Quantcast

Got Homework?

Connect with other students for help. It's a free community.

  • across
    MIT Grad Student
    Online now
  • laura*
    Helped 1,000 students
    Online now
  • Hero
    College Math Guru
    Online now

Here's the question you clicked on:

55 members online
  • 0 replying
  • 0 viewing

Bladerunner1122 Group Title

A particle moves along the x-axis with the velocity given by v(t)=3t/(1+t^2) for t >or equal to 0. When t=0, the particle is at the point (4,0). 1. Determine the maximum velocity for the particle. Justify your answer. 2. Determine the position of the particle at any time t. 3. Find the limit of the velocity as t->infinity. 4. Find the limit of the position as t->infinity.

  • one year ago
  • one year ago

  • This Question is Closed
  1. shubhamsrg Group Title
    Best Response
    You've already chosen the best response.
    Medals 1

    dx = vdt use this..this little thing is supposed to do wonders for you ! :D

    • one year ago
  2. Bladerunner1122 Group Title
    Best Response
    You've already chosen the best response.
    Medals 1

    Could you explain how that formula works please?

    • one year ago
  3. shubhamsrg Group Title
    Best Response
    You've already chosen the best response.
    Medals 1

    have you studied integration ?

    • one year ago
  4. Bladerunner1122 Group Title
    Best Response
    You've already chosen the best response.
    Medals 1

    Just started learning it. It's not my best subject. xD

    • one year ago
  5. him1618 Group Title
    Best Response
    You've already chosen the best response.
    Medals 0

    the definition of velocity is v=dx/dt

    • one year ago
  6. Bladerunner1122 Group Title
    Best Response
    You've already chosen the best response.
    Medals 1

    1. a(t) = 3(1-t^2)/(1+t^2)^2 max v at a=0, or t=1 v(1) = 3/2 2. x(t) = 3/2 log(1+t^2)+C at t=0, x=4, so 4 = 3/2 log(1+0) + C C = 4 x(t) = 3/2 log(1+t^2) + 4 3. v(t) → 0 as t→∞ 4. x(t) → ∞ that's what I've got so far. Does that make sense?

    • one year ago
  7. Bladerunner1122 Group Title
    Best Response
    You've already chosen the best response.
    Medals 1

    @sauravshakya

    • one year ago
  8. shubhamsrg Group Title
    Best Response
    You've already chosen the best response.
    Medals 1

    you sure differentiated right in the 1st part.. rest all seem perfect! :)

    • one year ago
  9. Bladerunner1122 Group Title
    Best Response
    You've already chosen the best response.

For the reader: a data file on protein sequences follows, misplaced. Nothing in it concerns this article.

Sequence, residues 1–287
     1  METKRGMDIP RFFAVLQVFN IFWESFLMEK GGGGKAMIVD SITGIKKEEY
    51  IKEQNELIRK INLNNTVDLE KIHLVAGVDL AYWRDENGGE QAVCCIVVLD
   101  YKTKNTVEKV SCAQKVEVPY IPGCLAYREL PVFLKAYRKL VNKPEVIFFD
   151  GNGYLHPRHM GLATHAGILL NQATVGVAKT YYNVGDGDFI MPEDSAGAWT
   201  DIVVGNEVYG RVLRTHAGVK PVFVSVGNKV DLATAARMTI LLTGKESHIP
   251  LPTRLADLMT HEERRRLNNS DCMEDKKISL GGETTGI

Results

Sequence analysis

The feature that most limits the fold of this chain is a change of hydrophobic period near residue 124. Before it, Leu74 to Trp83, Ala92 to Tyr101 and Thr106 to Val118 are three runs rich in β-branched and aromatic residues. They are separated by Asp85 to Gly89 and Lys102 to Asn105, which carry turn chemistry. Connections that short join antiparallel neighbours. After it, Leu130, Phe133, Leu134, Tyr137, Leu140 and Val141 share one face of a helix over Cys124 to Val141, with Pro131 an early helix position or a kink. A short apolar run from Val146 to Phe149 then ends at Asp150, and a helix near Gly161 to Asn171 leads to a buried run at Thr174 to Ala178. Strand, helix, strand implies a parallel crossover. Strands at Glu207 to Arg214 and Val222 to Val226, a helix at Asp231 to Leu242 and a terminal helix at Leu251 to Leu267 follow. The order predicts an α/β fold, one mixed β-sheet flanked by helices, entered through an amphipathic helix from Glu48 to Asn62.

Medals 1

    At least someone agrees with it so far.

    • one year ago
  10. shubhamsrg Group Title
    Best Response
    You've already chosen the best response.
    Medals 1

    i missed a question mark there :P i meant you sure differentiated right in the 1st part ???? :D cause i see that wrong..please confirm..

    • one year ago
  11. shubhamsrg Group Title
    Best Response
    You've already chosen the best response.
    Medals 1

    ohh wait//thats -t^2 // sorry sorry..thats correct..

    • one year ago
  12. shubhamsrg Group Title
    Best Response
    You've already chosen the best response.
    Medals 1

    my apologies! :P

    • one year ago
  13. Bladerunner1122 Group Title
    Best Response
    You've already chosen the best response.
    Medals 1

    Yeah I just checked. oh well haha

    • one year ago
  14. Bladerunner1122 Group Title
    Best Response
    You've already chosen the best response.
    Medals 1

    Could somebody please check this to make sure it makes sense? 1. dv/dt = [(1+t^2)(3) - 3t(2t)] / (t^2+1)^2 =[3 t^2 + 3 - 6 t^2 ] /(t^2+1)^2 zero when t= 1 (since t always >/=0) so the max v is at t = 1 then at t = 1 v(1) = 3/2 2. x(t) = 3/2 log(1+t^2)+C at t=0, x=4, so 4 = 3/2 log(1+0) + C C = 4 x(t) = 3/2 log(1+t^2) + 4 3. as t --> oo, v--> 3t/t^2 = 3/t = 0 4. as t -->oo, x --> (3/2)t^2 = oo

    • one year ago
    • Attachments:

See more questions >>>

Your question is ready. Sign up for free to start getting answers.

spraguer (Moderator)
5 → View Detailed Profile

is replying to Can someone tell me what button the professor is hitting...

23

  • Teamwork 19 Teammate
  • Problem Solving 19 Hero
  • You have blocked this person.
  • ✔ You're a fan Checking fan status...

Thanks for being so helpful in mathematics. If you are getting quality help, make sure you spread the word about OpenStudy.

This is the testimonial you wrote.
You haven't written a testimonial for Owlfred.